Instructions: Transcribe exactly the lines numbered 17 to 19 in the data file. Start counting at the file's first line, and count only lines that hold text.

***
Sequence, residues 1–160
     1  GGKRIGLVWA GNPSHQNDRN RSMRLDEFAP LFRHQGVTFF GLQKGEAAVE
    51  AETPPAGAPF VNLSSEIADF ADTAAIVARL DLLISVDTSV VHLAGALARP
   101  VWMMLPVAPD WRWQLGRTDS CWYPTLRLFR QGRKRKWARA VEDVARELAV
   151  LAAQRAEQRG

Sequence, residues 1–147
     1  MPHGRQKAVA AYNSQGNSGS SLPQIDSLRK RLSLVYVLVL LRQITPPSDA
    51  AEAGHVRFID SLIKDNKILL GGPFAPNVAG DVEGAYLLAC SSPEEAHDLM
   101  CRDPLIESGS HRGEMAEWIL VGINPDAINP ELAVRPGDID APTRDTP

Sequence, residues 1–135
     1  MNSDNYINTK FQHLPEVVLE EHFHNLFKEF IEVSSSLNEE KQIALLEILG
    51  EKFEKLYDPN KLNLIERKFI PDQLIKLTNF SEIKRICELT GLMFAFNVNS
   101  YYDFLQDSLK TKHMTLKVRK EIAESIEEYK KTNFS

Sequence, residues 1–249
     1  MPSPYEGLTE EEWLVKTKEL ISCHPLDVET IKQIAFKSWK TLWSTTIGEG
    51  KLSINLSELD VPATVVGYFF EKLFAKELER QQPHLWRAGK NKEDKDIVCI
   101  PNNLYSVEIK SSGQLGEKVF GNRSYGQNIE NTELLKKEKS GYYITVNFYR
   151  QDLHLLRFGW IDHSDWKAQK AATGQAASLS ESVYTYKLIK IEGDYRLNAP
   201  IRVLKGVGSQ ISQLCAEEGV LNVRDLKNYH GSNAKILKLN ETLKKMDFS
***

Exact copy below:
   101  PNNLYSVEIK SSGQLGEKVF GNRSYGQNIE NTELLKKEKS GYYITVNFYR
   151  QDLHLLRFGW IDHSDWKAQK AATGQAASLS ESVYTYKLIK IEGDYRLNAP
   201  IRVLKGVGSQ ISQLCAEEGV LNVRDLKNYH GSNAKILKLN ETLKKMDFS